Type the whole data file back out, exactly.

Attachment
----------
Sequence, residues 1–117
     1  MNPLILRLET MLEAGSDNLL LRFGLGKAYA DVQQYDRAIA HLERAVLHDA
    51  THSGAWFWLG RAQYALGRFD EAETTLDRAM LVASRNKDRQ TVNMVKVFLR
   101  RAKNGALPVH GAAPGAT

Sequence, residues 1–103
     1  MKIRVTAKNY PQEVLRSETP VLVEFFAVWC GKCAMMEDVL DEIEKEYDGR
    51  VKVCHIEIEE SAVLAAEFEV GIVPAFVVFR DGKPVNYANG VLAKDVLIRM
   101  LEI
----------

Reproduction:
Sequence, residues 1–117
     1  MNPLILRLET MLEAGSDNLL LRFGLGKAYA DVQQYDRAIA HLERAVLHDA
    51  THSGAWFWLG RAQYALGRFD EAETTLDRAM LVASRNKDRQ TVNMVKVFLR
   101  RAKNGALPVH GAAPGAT

Sequence, residues 1–103
     1  MKIRVTAKNY PQEVLRSETP VLVEFFAVWC GKCAMMEDVL DEIEKEYDGR
    51  VKVCHIEIEE SAVLAAEFEV GIVPAFVVFR DGKPVNYANG VLAKDVLIRM
   101  LEI